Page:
5 More Tips for Eating Right On a Budget
In my last post I shared a few tips for eating right on a budget – and wanted to share a few more to help keep your budget and belly on a healthy track:
1) Take a meat-break.
Many of us, myself included, grew up with meat-centric meals. Although quality-sourced animal foods offer some valuable nutrients, I believe most of us could get by on a lot less meat, opting instead for smaller portions or some meatless meals. Not only does less meat on the plate make more room for gut-friendly plants, but also eating fewer animal products is easier on the earth and your wallet – so everybody wins! Consider joining the Meatless Mondays movement and when you do eat animal products, opt for smaller amounts of those that have been humanely-treated and pasture-raised, and free of hormones, antibiotics, preferably organic or fresh from the farmers’ market. Re-think your plate so that meat and poultry are more of a side dish and plants are the main attraction.
2) Build a better, hot breakfast – fast.
When my kids were young, oatmeal and buckwheat pancakes were two of our inexpensive yet nutritious breakfast staples. To save precious minutes in the morning, try filling small individual Pyrex bowls with fresh or frozen blueberries, strawberries and apple chunks, chopped nuts, crushed flaxseeds and store in the fridge. At breakfast time, set out the “bowl buffet” of toppings, the cinnamon shaker and let everyone top their own oats or buckwheat pancakes. Another time saver: before bed, pre-mix the dry ingredients in one bowl, mix the wet ingredients in another, store both overnight in the fridge and combine in the a.m. Better yet, make batches of buckwheat pancakes ahead and store in the freezer ‘til needed.
3) Extend your luncheon mileage.
When I was growing up, canned fish was a bit of a luxury – and it still is! A small can of salmon, sardines or skipjack tuna these days provides a powerful protein boost. Delicious add-ins offer plenty of color and nutrients to the mix. To get more out of your canned fish, and really turn it into a filling salad, put more into it – add flavor, color and crunch with chopped celery, fennel, spinach, apple, carrot, red onion, peppers, pickles, cucumber, scallions, and even brown rice.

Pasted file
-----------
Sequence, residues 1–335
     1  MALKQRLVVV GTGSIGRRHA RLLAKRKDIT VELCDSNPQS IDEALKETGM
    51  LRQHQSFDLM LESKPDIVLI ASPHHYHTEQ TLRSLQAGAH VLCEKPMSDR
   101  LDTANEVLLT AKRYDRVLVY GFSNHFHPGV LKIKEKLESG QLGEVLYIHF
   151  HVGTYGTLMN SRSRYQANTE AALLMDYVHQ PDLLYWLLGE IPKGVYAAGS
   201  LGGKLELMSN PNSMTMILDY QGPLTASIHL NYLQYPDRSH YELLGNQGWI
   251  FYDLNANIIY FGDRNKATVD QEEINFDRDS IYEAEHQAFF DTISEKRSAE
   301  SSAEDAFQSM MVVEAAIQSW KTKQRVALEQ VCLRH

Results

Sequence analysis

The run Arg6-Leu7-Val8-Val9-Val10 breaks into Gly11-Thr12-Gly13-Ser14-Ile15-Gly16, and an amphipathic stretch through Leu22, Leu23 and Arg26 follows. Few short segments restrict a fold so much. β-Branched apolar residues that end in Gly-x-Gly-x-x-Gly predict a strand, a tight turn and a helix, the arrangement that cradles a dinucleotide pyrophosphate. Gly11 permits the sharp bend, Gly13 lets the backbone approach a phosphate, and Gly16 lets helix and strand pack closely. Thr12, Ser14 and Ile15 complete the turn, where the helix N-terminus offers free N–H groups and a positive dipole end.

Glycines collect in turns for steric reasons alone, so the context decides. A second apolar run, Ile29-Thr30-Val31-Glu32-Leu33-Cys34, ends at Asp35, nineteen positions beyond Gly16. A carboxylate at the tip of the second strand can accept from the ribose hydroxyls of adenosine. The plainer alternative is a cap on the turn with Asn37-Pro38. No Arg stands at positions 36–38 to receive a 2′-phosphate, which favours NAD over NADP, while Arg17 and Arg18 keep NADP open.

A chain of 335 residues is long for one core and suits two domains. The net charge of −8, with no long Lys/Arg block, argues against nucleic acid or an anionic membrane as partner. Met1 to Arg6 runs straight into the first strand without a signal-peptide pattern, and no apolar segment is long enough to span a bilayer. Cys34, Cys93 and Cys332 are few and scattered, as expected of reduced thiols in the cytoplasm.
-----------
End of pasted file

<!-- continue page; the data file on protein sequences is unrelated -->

4) Go for the bowl.
Fill up the family with budget-stretching noodle bowls, bean soups, pureed vegetable soups and stews. Black bean soup, winter squash soup, cauliflower soup and 3-bean meat-free chili topping a small sweet potato (yum!) are among my favorite big nutrition, low-cost filler-uppers. The more veggies and beans you put in, the bigger the nutritional and budgetary benefit – so don’t hold back!
5) Think outside the supermarket.
In other words, shop around to find the best bargains and always shop with a list or shopping app. Keep your eyes open and know the prices of your most frequently bought items so you can take advantage when deals pop up. Whenever possible buy items in bulk and on sale, particularly when it comes to staple items for the pantry. Shop at a variety of outlets, from corner stores, small green grocers and farmers markets to supermarkets and discounters like Trader Joe’s, Costco and Aldi. Take a look at stores like TJ Maxx and Home Goods which often sell small quantities of organic spices, olive oils, nuts and seeds for considerably less than retail.
For more ideas on how to eat healthy for less, check out my earlier post, 5 Tips for Eating Right on a Budget and take a look at the Environmental Working Group’s EWG's "Good Food on a Tight Budget" booklet for more budget-friendly shopping tips.